Plans for cull and render service to ease backlog abandoned

The idea of an off-farm cull and render service that was going to be set up as a backstop for producers who are struggling with a backlog of pigs on-farm has been scrapped. 

The service, announced by AHDB in October, was going to be based in a plant with capacity for between 2,000 and 3,000 mature pigs per week. AHDB was going to cover the £20,000 set up cost and any idle time staff costs during its operation. Producers were due to be charged per pig culled and rendered by the plant.

However, the initiative has fallen down due to legal restrictions and requirements around two separate elements of a licensed meat business and those of a knackery operating in the same building. It is understood that one of the concerns was how it could be guaranteed that animals culled at the plant would not enter the food chain.

AHDB divisional director of engagement Will Jackson said: “The off-farm cull and render option we were exploring to help mitigate the impact of the challenging situation our pork levy payers are experiencing, is unfortunately not able to proceed.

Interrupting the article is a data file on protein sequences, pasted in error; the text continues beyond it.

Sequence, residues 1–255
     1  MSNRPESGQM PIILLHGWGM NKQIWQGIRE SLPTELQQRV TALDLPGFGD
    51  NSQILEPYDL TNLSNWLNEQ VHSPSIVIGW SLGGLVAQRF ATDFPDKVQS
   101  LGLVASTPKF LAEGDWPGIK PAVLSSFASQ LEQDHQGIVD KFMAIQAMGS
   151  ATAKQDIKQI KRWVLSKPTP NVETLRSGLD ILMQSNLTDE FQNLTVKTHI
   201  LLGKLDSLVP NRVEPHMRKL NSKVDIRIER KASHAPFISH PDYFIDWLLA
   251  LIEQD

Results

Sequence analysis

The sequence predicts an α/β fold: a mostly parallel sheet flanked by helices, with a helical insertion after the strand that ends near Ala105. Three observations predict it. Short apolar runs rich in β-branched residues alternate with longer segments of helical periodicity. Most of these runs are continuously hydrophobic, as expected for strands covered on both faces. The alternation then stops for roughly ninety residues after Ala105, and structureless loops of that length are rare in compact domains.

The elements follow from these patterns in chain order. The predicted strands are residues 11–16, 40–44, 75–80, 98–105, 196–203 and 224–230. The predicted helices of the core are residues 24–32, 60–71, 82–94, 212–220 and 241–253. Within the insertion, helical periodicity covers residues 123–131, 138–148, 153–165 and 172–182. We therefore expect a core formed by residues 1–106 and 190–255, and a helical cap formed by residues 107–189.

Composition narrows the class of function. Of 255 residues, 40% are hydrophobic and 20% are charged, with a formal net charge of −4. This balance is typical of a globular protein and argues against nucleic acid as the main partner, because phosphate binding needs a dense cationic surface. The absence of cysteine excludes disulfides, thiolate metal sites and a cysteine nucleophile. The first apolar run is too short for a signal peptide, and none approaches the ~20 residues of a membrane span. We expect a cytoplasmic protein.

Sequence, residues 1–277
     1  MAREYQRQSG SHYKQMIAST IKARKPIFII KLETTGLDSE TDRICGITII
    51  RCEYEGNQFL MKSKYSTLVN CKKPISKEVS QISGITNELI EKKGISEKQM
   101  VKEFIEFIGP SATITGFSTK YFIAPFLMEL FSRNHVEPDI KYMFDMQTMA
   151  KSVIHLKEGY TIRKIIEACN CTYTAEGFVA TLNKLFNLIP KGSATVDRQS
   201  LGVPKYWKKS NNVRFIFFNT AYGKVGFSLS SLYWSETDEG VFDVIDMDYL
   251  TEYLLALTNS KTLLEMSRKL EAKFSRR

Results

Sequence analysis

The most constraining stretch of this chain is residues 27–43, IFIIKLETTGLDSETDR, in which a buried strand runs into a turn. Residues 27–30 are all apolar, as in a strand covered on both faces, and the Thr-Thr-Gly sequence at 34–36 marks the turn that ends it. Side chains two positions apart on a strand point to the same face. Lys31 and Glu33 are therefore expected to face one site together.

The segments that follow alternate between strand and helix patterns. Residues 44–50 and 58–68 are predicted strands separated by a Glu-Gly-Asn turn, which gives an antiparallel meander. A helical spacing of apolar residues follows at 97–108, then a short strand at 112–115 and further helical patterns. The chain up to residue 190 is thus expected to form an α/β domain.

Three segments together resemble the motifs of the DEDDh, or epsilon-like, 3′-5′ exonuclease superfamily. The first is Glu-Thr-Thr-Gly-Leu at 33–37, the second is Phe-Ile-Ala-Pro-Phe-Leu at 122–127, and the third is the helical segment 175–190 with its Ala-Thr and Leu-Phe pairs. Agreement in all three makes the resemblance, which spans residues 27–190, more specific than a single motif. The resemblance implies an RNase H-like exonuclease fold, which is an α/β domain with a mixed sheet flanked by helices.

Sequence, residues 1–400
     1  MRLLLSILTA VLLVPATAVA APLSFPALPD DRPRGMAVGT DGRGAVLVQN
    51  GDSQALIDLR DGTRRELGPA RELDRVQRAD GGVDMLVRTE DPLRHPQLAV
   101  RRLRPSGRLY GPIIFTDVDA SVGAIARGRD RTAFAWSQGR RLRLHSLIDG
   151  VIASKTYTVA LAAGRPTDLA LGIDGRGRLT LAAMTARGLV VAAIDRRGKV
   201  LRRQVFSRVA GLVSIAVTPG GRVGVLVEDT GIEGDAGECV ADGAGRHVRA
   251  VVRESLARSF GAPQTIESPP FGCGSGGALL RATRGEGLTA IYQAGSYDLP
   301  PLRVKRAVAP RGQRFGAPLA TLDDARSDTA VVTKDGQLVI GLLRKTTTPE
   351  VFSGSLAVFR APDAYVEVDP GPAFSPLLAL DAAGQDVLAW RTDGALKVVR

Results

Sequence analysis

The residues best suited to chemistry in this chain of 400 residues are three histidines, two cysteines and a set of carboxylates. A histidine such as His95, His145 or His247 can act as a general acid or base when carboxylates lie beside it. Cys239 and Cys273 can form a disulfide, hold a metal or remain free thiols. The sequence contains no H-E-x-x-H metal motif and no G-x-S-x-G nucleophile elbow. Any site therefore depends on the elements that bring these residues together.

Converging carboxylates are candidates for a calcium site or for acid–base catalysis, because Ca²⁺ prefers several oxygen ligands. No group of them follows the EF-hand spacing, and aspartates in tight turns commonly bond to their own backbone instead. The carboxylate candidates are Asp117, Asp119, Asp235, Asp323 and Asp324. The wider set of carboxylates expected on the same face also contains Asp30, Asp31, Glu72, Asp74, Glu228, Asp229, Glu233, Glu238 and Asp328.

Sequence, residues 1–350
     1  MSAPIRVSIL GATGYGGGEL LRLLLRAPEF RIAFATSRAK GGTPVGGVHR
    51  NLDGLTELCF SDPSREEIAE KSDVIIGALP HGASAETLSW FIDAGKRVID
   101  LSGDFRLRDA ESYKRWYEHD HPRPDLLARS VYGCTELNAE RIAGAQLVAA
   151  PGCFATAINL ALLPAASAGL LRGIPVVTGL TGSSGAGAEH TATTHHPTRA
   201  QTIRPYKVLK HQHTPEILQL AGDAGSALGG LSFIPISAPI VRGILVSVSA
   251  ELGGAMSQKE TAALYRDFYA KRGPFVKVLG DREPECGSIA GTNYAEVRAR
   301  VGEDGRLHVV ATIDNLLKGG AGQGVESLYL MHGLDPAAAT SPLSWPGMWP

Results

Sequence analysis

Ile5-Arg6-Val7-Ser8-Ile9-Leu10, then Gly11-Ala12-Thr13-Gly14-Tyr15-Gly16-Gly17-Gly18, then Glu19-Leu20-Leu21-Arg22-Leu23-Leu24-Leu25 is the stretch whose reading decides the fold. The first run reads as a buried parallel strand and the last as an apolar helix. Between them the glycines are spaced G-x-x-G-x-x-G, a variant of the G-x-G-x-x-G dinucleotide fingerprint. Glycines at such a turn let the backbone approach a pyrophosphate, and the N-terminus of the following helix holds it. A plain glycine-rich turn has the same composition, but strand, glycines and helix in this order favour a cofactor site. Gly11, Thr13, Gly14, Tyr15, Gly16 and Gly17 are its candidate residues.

“AHDB is now exploring other potential off-farm culling options with Defra and the industry and will continue to look for solutions for our levy payers during an extremely challenging time for the sector.

“As part of a series of measures AHDB is helping to deliver alongside government and industry, AHDB identified an opportunity to work with an established abattoir to offer producers a way to dispose of unsold heavy pigs as a last resort.

“However, the legal restrictions and requirements around two separate elements of a licensed meat business and those of a knackery operating in the same building, has resulted in all parties agreeing that a successful conclusion to the approved process was unlikely.”

As part of its ongoing work to support pig producers, AHDB gave a one-month levy holiday in November 2021, to help ease the financial burden faced by levy payers.

It has also been providing independent evidence to government setting out the seriousness of the situation, Mr Jackson said its insight into the crisis helped open the door to approval for visas to 800 trained butchers and abattoir staff to alleviate the skills shortage.

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Editor of LBM titles Pig World and Farm Business and group editor of Agronomist and Arable Farmer. National Pig Association's webmaster. Previously political editor at Farmers Guardian for many years and also worked Farmers Weekly. Occasional farming media pundit. Brought up on a Leicestershire farm, now work from a shed in the garden in Oxfordshire. Big fan of Leicester City and Leicester Tigers. Occasional cricketer.